We both met a Brit who’s an old Nepal hand. This trip he’s come to photograph the Kulung’ honey hunters‘, men who climb bamboo rope ladders to harvest the world’s largest bees. An interesting man.
Pro tip – bring a tiny luggage lock for your room. What they provide are bulky and awkward.
The Khopra Ridge Trek I just finished is excellent.
In fact, Nepal needs more like it. And there is plenty of opportunity to develop more trails in higher, less developed spurs of the Annapurna massif.
Widely circulated in local lodges is this 2014 article by Donatella Lorch who lives in Kathmandu:
… The tea-houses and lodges are packed. Hikers have to share the stone steps with Nepal tourism’s unsung heroes: the unending series of mule convoys, loaded down with everything from water and food to cooking propane, kerosene, mattresses, stones and bags of cement to feed the mountain region’s lodge construction boom. …
I set an early alarm. BUT everyone in my lodge had already headed up to Poon Hill before I awoke.
Not having people to follow, I used trusty Maps.me offline to find the trail.
It takes about an hour from Ghorepani (2870m) to climb to the famous Poon Hill viewpoint (3210m).
Though I’d heard plenty of complaints about the crowds, I really enjoyed dawn looking over at Dhalagiri and Annapurna.
An ideal time to use my PeakFinder app: Dhaulagiri I (8167m), Tukuche (6920m), Nilgiri (6940m), Annapurna South, Annapurna I (8091m), Hiunchuli (6441m) and Tarke Kang (formerly known as Glacier Dome; 7193m). And Fishtail, of course.
The Pokhara – Jomson planes zipped past frequently.
One of the last to arrive, I was also one of the last to leave.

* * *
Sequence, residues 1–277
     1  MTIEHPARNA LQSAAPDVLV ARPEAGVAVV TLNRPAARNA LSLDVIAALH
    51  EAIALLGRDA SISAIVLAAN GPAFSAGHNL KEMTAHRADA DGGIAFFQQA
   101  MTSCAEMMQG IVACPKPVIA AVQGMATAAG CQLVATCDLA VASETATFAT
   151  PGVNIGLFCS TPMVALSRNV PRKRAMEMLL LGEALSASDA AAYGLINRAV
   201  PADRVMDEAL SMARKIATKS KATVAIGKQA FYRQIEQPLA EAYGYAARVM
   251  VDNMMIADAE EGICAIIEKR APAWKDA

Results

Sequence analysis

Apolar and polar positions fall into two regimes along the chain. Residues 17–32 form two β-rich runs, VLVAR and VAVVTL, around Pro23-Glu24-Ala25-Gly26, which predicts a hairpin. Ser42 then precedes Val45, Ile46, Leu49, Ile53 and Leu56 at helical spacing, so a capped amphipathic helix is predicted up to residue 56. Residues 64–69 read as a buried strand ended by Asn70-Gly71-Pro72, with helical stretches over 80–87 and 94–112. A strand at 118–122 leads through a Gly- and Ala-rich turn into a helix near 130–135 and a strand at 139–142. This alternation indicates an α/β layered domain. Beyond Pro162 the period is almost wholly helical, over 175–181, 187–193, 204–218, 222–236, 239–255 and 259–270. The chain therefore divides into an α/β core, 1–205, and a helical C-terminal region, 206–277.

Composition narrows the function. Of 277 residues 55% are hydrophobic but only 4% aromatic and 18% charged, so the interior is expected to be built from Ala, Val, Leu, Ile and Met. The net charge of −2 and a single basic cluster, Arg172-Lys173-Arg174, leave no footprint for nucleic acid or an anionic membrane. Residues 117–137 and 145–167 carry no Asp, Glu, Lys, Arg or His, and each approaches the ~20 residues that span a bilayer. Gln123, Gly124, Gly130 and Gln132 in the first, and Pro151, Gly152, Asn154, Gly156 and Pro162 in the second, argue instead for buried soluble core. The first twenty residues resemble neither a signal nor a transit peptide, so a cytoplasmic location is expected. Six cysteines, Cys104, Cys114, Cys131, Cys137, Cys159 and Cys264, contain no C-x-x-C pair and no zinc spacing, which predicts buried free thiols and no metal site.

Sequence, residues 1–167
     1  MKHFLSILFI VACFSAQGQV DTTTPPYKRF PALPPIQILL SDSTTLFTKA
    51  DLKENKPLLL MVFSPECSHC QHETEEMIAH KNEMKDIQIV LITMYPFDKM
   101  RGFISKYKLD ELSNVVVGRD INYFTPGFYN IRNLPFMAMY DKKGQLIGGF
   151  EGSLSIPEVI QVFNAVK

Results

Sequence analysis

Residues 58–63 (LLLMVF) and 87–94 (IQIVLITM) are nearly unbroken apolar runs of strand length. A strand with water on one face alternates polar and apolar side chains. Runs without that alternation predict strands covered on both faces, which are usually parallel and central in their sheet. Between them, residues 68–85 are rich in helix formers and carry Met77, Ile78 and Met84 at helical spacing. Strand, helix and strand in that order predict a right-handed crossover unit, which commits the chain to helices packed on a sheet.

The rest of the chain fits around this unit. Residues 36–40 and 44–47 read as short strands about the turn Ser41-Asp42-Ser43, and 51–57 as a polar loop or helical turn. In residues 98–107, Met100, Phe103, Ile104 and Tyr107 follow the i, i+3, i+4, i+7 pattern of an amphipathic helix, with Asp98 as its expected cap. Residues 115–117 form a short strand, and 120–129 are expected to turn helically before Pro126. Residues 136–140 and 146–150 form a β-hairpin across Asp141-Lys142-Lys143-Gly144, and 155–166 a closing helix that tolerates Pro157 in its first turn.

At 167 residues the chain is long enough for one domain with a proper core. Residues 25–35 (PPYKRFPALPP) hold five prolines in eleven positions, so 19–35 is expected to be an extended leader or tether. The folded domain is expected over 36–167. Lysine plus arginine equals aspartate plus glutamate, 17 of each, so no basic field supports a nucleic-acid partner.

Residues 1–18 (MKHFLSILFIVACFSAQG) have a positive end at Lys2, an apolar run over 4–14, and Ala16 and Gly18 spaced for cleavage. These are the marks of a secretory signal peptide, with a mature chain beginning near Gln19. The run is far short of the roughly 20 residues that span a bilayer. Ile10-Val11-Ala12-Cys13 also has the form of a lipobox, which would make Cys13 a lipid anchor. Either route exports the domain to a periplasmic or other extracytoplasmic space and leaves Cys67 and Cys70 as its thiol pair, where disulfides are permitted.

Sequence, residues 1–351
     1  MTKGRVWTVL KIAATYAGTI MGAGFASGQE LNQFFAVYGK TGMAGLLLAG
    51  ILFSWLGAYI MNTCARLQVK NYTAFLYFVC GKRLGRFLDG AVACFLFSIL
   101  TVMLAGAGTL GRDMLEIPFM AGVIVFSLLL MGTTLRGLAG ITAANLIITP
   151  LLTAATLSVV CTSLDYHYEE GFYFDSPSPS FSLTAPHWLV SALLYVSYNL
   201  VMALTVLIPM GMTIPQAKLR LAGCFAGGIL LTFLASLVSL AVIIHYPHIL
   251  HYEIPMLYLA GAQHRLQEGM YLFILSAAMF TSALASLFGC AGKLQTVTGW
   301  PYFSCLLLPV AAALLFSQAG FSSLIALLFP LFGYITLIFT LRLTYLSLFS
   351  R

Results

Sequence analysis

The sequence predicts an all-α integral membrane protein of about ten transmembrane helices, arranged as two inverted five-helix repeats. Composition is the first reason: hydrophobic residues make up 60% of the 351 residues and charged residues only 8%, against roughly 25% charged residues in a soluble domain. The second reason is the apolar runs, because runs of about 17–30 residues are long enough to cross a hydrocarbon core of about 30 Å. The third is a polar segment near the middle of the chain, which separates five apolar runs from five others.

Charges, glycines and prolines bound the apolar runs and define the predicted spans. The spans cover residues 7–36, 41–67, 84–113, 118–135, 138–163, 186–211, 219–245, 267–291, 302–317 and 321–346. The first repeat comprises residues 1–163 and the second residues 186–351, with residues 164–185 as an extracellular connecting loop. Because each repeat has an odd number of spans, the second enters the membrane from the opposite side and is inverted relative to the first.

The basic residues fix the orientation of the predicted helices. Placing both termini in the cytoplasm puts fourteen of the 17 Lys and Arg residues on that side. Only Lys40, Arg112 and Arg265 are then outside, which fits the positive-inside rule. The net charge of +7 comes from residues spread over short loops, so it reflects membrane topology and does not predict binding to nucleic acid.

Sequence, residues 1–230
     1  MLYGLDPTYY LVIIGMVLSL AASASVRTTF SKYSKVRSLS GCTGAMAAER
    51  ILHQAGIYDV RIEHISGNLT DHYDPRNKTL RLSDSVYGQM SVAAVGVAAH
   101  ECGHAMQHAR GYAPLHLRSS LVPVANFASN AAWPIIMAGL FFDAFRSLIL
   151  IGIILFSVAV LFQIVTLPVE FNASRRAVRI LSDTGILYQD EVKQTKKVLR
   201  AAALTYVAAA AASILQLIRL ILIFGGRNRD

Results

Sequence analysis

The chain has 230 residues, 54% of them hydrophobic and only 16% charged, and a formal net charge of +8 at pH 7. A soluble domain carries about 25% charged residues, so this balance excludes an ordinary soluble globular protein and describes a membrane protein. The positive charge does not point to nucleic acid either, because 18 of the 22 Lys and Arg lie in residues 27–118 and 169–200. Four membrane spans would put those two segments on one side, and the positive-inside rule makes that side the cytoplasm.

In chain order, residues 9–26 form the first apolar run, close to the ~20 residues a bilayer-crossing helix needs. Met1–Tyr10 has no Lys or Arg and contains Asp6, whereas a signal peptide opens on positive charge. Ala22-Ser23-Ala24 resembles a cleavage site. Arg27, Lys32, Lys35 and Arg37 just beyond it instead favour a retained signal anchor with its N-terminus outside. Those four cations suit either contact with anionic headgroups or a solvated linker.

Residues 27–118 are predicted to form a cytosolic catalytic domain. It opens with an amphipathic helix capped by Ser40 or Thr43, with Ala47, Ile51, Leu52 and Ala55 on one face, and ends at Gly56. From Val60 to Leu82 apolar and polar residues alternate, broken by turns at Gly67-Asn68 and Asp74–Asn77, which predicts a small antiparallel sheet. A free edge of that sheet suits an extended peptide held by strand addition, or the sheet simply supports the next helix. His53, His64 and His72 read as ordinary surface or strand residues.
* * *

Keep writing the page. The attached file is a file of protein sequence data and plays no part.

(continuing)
My $4 room in Ghorepani had a million dollar view.
After climbing all the way UP to Ghorepani yesterday, I now dropped 900m to the Ghar Khola river. It was fast and enjoyable to descend instead of climbing. The non-motorized trail stays far away from new road building.
And Interesting seeing where the farms were at with winter coming.
Many are trying to encourage farmers to switch to petrotoxin fuels. But everywhere I looked, families and lodges were using free firewood, instead.
Up to Ghorepani the buildings all had blue corrugated iron roofs. Here they have more stone houses, many retaining traditional rock-slab shingles.
After crossing the Ghar Khola it was UP again to Swanta (2270m).
The increasing popularity of Khopra Ridge is evident here with the number of new lodges recently built or under construction.
Swanta is the prettiest village so far. Super clean.
But I carried on up the mountain on a narrow path through bamboo forrest.
I was hungry by the time I reached Evergreen Rest Cottage (2540m) for lunch.
Egg noodle soup is my regular lunch feed.
The restaurant is in an isolated, lovely spot close to waterfall, hydroelectric and lumber cutting yard.
I reached Dhan Kharka (3020m) by about 3:30pm. Happy to stop, I lay down for siesta.
Though Ghoripani had no mobile phone reception for my network, Dhan Kharka did — IF I walked out to a rocky point away from the lodge. I was able to post some things online celebrating my 62nd birthday — November 2nd.